It is a fair question to ask if creative writers’ conferences are an investment or a waste of money. Some aspiring writers consider going to a writers’ conference as an investment in their careers. But no one wants to waste money attending a conference that isn’t likely to deliver what they’re looking for.

Creative writing conferences are thriving from coast to coast, from the Yale Writers’ Conference in New Haven to the San Francisco Writers’ Conference. There are conferences for every genre from science fiction to romances. They have become a growth industry.

Some writers attend conferences because they are looking for more than creative writing workshops and advice on marketing. Thousands of aspiring writers are attending writers’ conferences in the desperate hope they will connect with a literary agent who will get them contracts with traditional publishers.

Any aspiring writer who has tried to get an agent knows how difficult it is. Some agents claim to get two thousand query letters a week from unpublished writers seeking representation. The odds against these writers are staggering, so it’s understandable that they keep writers’ conferences filled.

Hopeful writers are lured into the conferences by the promise of contact with agents and editors. Many conferences get well-known agents to attend by paying for their plane tickets, hotel rooms, and meals, but this doesn’t mean that the agents are interested in acquiring new clients. The Southern California Writers’ Conference is candid about this problem. On their website there is a note to agents telling them that they can contact the conference if they are accepting new clients. The note, which sums up the problem, states: “There are plenty of other conferences that provide reps who have no sincere intent of acquiring new clients with free weekends at nice hotels in desirable locations. The SCWC is not one of them.

The SCWC’s candor is refreshing. The conference I attended years ago still promises agents and editors, but they are very careful in how they phrase it and with good reason: it’s doubtful that more than a few writers out of thousands who have attended have gotten an agent there.

Some conference websites prominently display testimonials from writers who found agents and got book contracts, but for what percentage does this actually happen?  One percent? Five percent? Ten percent? Not one of the conferences that I am aware of offers this statistic, and some of the testimonials on their websites are ten years old.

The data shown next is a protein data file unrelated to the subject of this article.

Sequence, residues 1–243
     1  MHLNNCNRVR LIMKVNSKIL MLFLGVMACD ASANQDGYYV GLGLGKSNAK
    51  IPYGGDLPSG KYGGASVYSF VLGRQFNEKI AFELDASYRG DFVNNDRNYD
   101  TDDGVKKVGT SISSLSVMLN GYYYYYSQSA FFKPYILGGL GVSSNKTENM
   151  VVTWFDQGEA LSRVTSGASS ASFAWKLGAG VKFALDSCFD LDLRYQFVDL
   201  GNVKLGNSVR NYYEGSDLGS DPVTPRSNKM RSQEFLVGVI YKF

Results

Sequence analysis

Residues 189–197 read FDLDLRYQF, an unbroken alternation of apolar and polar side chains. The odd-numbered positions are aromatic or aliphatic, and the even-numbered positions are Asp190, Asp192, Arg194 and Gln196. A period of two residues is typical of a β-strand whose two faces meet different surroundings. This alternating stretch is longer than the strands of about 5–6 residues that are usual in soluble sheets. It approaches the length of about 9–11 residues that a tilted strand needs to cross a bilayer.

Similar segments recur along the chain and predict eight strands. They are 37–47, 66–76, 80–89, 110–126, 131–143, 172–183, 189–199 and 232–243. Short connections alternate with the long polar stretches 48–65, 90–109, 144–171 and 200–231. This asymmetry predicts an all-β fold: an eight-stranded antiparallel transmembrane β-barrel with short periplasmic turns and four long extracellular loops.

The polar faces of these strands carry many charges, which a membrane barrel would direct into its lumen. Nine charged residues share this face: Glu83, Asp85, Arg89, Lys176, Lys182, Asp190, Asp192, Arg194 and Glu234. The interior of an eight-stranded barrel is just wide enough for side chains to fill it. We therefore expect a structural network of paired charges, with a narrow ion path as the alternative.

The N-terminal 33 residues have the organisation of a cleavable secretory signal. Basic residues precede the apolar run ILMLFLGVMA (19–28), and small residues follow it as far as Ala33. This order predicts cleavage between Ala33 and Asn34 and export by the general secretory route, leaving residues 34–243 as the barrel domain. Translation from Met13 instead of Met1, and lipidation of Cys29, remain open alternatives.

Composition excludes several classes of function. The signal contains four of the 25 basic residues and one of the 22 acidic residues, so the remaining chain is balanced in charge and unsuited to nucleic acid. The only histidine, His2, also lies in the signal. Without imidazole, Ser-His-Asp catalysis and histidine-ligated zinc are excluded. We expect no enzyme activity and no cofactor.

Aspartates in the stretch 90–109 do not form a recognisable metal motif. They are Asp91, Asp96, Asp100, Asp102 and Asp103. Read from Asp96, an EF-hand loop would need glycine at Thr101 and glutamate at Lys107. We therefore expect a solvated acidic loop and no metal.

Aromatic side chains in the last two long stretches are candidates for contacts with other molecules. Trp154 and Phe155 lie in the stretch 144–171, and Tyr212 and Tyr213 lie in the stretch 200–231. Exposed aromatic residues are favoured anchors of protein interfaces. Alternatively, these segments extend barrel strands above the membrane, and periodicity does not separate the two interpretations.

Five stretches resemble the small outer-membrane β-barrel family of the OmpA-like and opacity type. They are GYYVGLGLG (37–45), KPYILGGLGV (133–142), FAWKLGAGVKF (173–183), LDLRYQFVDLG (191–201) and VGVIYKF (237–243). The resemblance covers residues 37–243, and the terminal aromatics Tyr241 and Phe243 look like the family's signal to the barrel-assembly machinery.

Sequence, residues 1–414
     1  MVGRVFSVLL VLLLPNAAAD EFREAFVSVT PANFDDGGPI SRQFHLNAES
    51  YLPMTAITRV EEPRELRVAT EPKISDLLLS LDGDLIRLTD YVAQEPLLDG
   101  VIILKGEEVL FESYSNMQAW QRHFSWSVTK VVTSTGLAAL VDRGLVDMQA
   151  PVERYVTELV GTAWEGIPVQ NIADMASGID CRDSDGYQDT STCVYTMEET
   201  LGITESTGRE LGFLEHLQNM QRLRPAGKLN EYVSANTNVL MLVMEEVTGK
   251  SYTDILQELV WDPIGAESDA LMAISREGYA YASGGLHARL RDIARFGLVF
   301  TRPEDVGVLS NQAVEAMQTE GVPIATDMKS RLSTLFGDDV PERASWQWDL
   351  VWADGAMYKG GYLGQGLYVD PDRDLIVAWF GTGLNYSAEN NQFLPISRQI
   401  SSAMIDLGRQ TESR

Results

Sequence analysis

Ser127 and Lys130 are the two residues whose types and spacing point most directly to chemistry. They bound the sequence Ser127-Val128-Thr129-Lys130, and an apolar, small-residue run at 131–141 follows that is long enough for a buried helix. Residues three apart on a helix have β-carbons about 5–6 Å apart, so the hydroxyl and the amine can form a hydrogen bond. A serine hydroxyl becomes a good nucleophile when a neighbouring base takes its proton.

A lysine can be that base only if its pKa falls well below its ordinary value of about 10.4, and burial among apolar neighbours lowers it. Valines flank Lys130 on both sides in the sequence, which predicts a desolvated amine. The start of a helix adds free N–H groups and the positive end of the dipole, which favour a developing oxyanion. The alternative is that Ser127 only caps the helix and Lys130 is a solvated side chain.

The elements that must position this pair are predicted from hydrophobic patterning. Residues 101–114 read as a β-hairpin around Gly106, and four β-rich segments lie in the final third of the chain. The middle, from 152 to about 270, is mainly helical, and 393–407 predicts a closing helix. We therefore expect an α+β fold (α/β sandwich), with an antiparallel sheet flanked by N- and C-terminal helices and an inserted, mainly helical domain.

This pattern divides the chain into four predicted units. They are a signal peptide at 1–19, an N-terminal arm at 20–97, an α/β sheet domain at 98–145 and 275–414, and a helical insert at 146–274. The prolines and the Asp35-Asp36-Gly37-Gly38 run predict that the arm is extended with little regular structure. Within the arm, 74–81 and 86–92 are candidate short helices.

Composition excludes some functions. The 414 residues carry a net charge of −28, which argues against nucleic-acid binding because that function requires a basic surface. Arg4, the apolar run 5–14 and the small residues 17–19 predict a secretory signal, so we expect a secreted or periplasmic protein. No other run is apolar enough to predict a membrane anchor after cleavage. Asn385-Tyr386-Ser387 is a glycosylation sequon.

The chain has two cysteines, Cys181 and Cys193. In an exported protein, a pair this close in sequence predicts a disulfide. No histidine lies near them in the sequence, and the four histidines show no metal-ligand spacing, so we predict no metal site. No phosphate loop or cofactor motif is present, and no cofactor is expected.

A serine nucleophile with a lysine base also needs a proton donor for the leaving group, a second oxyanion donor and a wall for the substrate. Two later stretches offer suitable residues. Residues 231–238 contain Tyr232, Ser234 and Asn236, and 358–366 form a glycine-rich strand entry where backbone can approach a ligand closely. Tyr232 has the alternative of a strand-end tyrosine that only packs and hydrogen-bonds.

It is impossible to know how many of these success stories are the direct result of attending a conference. What happened to me raises this question. I had just gotten an agent when I went to the writers’ conference I attended, and my novel Realities was accepted by a publisher a month later. Several months after it was accepted I received a letter from the conference wanting to know if there was any news about my novel. I didn’t respond. The advice I had gotten at the conference—that I should change the novel from the first person to the third person—would have ruined the book. It didn’t seem right that I should let the conference take credit for the book’s acceptance.

Although the Algonkian New York Pitch conference offers no statistics, its rigorous vetting process and a program designed to help writers get their manuscripts ready for publication seems to offer the most hope for success in getting an agent. But it should be noted that the sixty writers who are accepted for the conference must have worthy manuscripts that are judged either ready for publication or close.

Pitching at conferences has become big. Some pitches are called “agent consultations” and are sold out months in advance. Writers pay forty dollars and up for a chance to pitch their novels to agents for ten minutes or less (one conference limits pitches to ninety seconds). The writers are nervous and understandably so: imagine standing in a line of twenty people or more, waiting for your turn to tell an agent why he or she should want to represent you.

Agents may tell the writers who pitched to them to send them their manuscripts, which is easier than telling someone face-to-face that they aren’t interested. The writers think they have an edge, but the truth is that their manuscripts end up in the slush pile with everyone else’s. Occasionally writers have successful pitches that get them agents, but it doesn’t happen often. Pitching seems to be more profitable for the conferences than it is for the writers who are paying to participate.

The price tags for most writers’ conferences are high. Now due to the pandemic many writing conferences are online, which lowers the cost.  Traveling and living expenses can add up quickly, especially when paying for hotel rooms and meals. But if you attend a conference online, you miss what some consider the most valuable part of going to a conference: meeting other writers who may become lifelong friends.

There isn’t an easy answer as to whether creative writers’ conferences are an investment or a waste of money. I honestly don’t know. But if I were considering attending a writers’ conference, I would think hard about why I wanted to go and what I expected to get out of it. Then I would shop very, very carefully.

Marian D. Schwartz

My aim in writing The Writers’ Conference: A Novel was to create a fast, entertaining read that would shed light on the closeted world of publishing.

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“Some conferences are more respectable than others. All are there to take your cash.In The Writers’ Conference, Marian D. Schwartz tackles the topic with glee, laying bare the underbelly of one such event. .. a fun read for everyone, and a useful education for anyone who might be thinking of a writing career. The story moves along quickly and holds the reader’s interest all the way to the exciting (and surprising) ending.”  Peter C. Foster, author